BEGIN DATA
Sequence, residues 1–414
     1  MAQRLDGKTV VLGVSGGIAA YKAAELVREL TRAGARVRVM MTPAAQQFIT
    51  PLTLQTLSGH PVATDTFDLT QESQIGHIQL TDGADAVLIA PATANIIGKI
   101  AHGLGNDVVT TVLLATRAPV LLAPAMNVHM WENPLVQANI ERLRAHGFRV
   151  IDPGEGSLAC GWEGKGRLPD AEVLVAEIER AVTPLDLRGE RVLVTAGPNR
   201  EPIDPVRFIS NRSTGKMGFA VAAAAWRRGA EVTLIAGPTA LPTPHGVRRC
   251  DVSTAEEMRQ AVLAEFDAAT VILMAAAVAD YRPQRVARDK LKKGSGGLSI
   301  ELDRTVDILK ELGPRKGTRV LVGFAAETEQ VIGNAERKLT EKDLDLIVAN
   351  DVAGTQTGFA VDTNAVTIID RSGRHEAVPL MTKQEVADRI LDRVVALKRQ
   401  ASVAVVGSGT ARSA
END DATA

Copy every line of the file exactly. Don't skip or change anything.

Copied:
Sequence, residues 1–414
     1  MAQRLDGKTV VLGVSGGIAA YKAAELVREL TRAGARVRVM MTPAAQQFIT
    51  PLTLQTLSGH PVATDTFDLT QESQIGHIQL TDGADAVLIA PATANIIGKI
   101  AHGLGNDVVT TVLLATRAPV LLAPAMNVHM WENPLVQANI ERLRAHGFRV
   151  IDPGEGSLAC GWEGKGRLPD AEVLVAEIER AVTPLDLRGE RVLVTAGPNR
   201  EPIDPVRFIS NRSTGKMGFA VAAAAWRRGA EVTLIAGPTA LPTPHGVRRC
   251  DVSTAEEMRQ AVLAEFDAAT VILMAAAVAD YRPQRVARDK LKKGSGGLSI
   301  ELDRTVDILK ELGPRKGTRV LVGFAAETEQ VIGNAERKLT EKDLDLIVAN
   351  DVAGTQTGFA VDTNAVTIID RSGRHEAVPL MTKQEVADRI LDRVVALKRQ
   401  ASVAVVGSGT ARSA